try {
    await new Timeout(3000, true);
}
catch (e) { console.log(e); }

Interval Documentation

There is currently no descriptional documentation for Interval, please take a look at the API Reference for Interval.

API Reference

new Timeout(callback: () => void, timeMS: number, autoStart: boolean = false)

callback: () => void - Function to execute when time is over. Timeout instance will be applied as this.
timeMS: number - Time in milliseconds, after which the callback should fire. autoStart: boolean - If the timer should automatically start. This will call start internally.

  • start(): this

    Starts the timer. If the timer is currently paused, it will resume the timer. If the timer is already done, it will reset it and start as normal.

  • start(timeMS: number): this

    Starts the timer with the given time. Only works, if the timer is not running or paused!

  • stop(): this

    Stops the timer and resets it to 0. Acts like clearTimeout.

  • pause(): this

    Pauses the timer without reseting it. This is the main functionality of this class.

  • restart(): this

    Restarts the timer from zero, without firing any callback. Useful for autocomplete lists.

  • await timeout

    The Timeout class implements the awaitable pattern, so you can await the timeout. It will throw an error if the timeout is stopped before finishing.

  • state: 0 | 1 | 2 | 3

    Defines the current state of the timer. | State | Enum name | Description | |:-----:| --------- | ----------- | | 0 | Reset | The timer is currently reset. This state occurs when creating the class without auto-start or after stop is called. | | 1 | Running | The timer is running. It can only be triggered by start, or by using auto-start while creating the class. | | 2 | Paused | The timer has been paused by calling pause. | | 3 | Done | The timer has ended and fired the callback. |

  • currentTime: number

    The milliseconds the timer is currently set to. Not the time left!

  • timeLeft: number

    This will return the time left for the timer to end. Warning: This will call a getter which will calculate the time, don't use this too often.

new Interval(callback: () => void, timeMS: number, autoStart)

callback - Function to execute in specific intervals. Interval instance will be applied as this.
timeMS - Interval time in milliseconds. autoStart: boolean - If the timer should automatically start. This will call start internally.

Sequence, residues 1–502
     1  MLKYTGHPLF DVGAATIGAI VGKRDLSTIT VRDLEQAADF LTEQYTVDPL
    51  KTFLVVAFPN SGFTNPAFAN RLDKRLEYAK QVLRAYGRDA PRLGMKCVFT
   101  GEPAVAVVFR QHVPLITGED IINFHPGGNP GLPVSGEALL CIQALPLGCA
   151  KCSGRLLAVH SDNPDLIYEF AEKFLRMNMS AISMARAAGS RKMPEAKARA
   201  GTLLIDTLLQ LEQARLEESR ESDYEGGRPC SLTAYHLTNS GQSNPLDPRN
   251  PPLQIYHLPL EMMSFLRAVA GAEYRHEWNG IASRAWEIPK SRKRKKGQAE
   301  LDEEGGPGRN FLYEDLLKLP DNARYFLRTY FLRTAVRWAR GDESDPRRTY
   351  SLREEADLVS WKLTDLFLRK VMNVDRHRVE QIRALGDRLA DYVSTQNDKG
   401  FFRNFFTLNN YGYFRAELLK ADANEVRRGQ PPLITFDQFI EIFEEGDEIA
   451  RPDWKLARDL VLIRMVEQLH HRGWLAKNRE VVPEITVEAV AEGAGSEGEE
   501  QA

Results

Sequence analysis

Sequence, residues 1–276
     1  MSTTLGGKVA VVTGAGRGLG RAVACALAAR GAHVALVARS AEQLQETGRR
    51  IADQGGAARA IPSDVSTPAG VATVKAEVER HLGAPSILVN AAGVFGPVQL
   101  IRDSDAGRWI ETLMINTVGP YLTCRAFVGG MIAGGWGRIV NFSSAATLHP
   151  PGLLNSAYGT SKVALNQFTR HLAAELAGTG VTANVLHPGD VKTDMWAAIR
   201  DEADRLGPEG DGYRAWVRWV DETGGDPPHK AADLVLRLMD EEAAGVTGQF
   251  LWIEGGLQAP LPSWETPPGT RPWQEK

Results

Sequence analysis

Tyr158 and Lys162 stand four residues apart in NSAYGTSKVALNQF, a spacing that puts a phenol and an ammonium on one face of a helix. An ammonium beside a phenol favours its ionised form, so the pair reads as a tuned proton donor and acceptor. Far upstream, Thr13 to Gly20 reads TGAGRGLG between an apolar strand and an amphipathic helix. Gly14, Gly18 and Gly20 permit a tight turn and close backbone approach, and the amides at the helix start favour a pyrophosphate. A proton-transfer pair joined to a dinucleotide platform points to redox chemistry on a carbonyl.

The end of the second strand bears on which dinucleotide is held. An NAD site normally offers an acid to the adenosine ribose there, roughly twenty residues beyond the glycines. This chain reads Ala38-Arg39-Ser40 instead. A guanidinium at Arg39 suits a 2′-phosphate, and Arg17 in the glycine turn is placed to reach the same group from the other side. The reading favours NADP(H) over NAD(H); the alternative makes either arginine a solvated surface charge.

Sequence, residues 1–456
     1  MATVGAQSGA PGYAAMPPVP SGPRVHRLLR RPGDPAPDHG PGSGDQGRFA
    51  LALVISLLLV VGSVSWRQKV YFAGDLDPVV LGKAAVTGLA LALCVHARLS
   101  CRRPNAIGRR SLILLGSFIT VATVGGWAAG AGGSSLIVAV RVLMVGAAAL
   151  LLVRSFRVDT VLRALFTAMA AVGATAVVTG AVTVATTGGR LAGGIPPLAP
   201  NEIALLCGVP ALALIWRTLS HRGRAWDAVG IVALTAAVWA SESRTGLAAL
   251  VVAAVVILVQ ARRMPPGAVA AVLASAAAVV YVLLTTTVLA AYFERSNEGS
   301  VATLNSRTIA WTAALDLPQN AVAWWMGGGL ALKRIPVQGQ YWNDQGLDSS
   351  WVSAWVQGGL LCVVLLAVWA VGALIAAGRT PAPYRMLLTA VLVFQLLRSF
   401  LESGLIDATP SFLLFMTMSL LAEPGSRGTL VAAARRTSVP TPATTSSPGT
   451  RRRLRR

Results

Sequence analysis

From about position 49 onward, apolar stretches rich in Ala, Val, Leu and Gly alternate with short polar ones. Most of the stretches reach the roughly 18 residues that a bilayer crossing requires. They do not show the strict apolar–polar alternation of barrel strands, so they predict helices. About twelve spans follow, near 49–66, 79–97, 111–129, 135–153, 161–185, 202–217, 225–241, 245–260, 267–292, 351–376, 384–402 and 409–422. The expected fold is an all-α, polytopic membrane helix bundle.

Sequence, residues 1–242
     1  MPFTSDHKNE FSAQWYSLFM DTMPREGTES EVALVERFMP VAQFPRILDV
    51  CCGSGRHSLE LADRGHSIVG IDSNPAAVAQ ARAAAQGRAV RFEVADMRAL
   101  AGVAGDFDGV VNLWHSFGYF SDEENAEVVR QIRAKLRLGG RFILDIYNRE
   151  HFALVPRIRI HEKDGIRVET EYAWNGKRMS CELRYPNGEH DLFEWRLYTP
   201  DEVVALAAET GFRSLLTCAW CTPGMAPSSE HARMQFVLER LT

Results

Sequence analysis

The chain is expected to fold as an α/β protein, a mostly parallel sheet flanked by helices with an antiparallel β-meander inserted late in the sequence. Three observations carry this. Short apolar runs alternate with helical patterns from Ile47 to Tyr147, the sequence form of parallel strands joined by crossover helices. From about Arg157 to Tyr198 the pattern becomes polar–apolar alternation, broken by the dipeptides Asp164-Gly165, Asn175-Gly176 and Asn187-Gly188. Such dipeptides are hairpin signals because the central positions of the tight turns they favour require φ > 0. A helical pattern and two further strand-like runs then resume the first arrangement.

• start(): this

    Starts the interval. If the interval is currently paused, it will resume the interval.

  • start(timeMS: number): this

    Starts the interval with the given time. Only works, when the interval is reset!

  • stop(): this

    Stops the interval and resets it to 0. Acts like clearInterval.

  • pause(): this

    Pauses the interval without reseting it. This will also remember the time left to the next call, so if you resume it again, it will continue at the position it stopped.

  • state: 0 | 1 | 2

    Defines the current state of the interval. These are the same as with the timeout, but there is no "end" state, because the interval will never end. | State | Enum name | Description | |:-----:| --------- | ----------- | | 0 | Reset | The interval is currently reset. This state occurs when creating the class without auto-start or after stop is called. | | 1 | Running | The interval is running. It can only be triggered by start, or by using auto-start while creating the class. | | 2 | Paused | The interval has been paused by calling pause. | Interval doesn't have a Done state, because it will run until stopped (or paused).

  • currentTime: number

    The milliseconds the interval is currently set to. Not the time left until next execution!

  • timeLeft: number

    This will return the time left for the next execution to happen. Warning: This will call a getter which will calculate the time, don't use this too often.

enum TimerState

  • TimerState.Reset
  • TimerState.Running
  • TimerState.Paused
  • TimerState.Done

Licence

This project is licenced under the MIT licence. Read it here.